Key Differences Between Hearing Aids and Hearing Amplifiers

Hearing Aid Technology

Hearing aid technology has greatly evolved, leveraging sophisticated digital signal processing to deliver customizable solutions that improve the listening experience. 

Some features include:

  • Noise reduction
  • Feedback cancellation
  • Directional microphones

At the same time, it has also integrated the listening experience into daily life. For example, most hearing aids now include Bluetooth connectivity, waterproof capabilities, extended battery life, and discrete designs. 

Hearing Amplifier Technology

Hearing amplifiers typically use basic analog or digital amplification technology with limited or no sound processing capabilities. While some hearing amplifiers may include basic noise reduction or feedback cancellation features, they don’t provide the same level of customization as hearing aids.

Cost and Accessibility

Hearing amplifiers are generally more affordable and accessible than hearing aids. They are often priced lower and can be purchased without professional fitting or consultation as opposed to hearing aids.

However, the lower cost and accessibility of hearing amplifiers come with trade-offs regarding sound quality, customization options, and suitability for individuals with more severe hearing loss.

Alternatives to Hearing Amplifiers or Hearing Aids

A young female and male looking at each other, holding smartphones.
A young female and male looking at each other, holding smartphones.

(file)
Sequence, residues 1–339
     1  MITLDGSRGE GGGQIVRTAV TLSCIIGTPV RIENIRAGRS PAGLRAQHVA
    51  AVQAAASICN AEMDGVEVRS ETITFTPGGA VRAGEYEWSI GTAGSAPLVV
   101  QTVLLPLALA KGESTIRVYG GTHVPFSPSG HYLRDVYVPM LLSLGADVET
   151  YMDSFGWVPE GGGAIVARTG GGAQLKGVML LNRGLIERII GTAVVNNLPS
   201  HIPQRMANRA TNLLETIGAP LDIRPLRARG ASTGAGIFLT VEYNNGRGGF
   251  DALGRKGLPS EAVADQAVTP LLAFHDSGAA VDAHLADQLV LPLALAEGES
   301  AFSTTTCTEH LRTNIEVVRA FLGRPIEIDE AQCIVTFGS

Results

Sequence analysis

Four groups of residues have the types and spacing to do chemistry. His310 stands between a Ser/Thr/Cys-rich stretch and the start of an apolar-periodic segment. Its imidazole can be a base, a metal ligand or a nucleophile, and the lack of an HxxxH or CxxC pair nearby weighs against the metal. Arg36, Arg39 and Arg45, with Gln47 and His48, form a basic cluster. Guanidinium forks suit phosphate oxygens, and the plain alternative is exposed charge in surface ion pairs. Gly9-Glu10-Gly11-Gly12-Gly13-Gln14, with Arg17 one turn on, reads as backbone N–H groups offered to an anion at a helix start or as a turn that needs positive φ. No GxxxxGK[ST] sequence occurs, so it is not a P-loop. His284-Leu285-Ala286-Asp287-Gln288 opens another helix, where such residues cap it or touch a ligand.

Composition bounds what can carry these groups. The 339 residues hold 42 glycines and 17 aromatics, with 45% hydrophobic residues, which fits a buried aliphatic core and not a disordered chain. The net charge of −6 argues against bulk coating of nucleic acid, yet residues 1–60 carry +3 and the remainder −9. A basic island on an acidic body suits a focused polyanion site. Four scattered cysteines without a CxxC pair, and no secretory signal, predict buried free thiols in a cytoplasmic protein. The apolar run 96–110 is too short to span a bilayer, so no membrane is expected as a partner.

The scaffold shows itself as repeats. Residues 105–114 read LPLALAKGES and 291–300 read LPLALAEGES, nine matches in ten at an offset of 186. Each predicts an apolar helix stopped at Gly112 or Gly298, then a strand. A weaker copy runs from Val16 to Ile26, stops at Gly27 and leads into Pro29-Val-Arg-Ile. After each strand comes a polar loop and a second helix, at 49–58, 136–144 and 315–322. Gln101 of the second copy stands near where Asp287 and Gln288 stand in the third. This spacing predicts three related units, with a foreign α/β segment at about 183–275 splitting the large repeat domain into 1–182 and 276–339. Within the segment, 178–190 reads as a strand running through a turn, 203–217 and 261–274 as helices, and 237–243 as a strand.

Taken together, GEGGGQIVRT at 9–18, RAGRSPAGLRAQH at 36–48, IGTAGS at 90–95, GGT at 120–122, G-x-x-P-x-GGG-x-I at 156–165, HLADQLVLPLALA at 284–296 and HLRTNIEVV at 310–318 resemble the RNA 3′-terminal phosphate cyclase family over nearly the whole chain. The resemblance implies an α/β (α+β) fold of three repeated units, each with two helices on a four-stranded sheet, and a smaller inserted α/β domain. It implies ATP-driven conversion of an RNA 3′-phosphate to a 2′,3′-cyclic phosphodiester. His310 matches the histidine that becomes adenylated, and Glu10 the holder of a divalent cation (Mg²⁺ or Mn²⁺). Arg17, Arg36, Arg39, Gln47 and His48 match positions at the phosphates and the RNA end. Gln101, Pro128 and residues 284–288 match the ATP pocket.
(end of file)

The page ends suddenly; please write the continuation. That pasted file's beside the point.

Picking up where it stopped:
There are several alternatives to these devices.

Live Transcribe Apps

Innovative apps are readily available to facilitate communication, whether making phone calls, listening to lectures, meetings, public announcements, or engaging in live conversations.

Using AI-powered capabilities and live transcribe technology, Nagish helps you engage with the world around you in real-time, providing a readily accessible communication tool for those with hearing loss that is easy to use, convenient, and free.   

Captioning Services

Adding captions to videos, whether televised or online, can help people understand speech when their hearing is compromised, or background noise makes it hard to hear. As an added bonus, it may also boost children's literacy. 

Amplified Phones

Amplified phones are useful tools that include several features for people who find it difficult to hear others while talking on the phone. They can increase the volume higher than traditional phones, and some include flashing lights for incoming calls.

The Takeaway

Whether a person should wear hearing amplifiers or hearing aids is a matter of personal preference, the purpose of wearing the device, and the degree of hearing loss. 

Ultimately, people with hearing loss should consult a hearing specialist and opt for custom hearing aids tailored to their hearing needs. Instead, a hearing amplifier might be ideal if the person’s hearing ability is not compromised and they seek to enhance certain sounds in specific events or activities.

Keep in mind that hearing amplifiers should be worn with caution, as the amplified sounds can potentially damage your hearing. 

 Nicole Brener
Nicole Brener

Copywriter based in Miami, FL. Leads copywriting workshops and mentors women entrepreneurs at the Idea Center of Miami Dade College.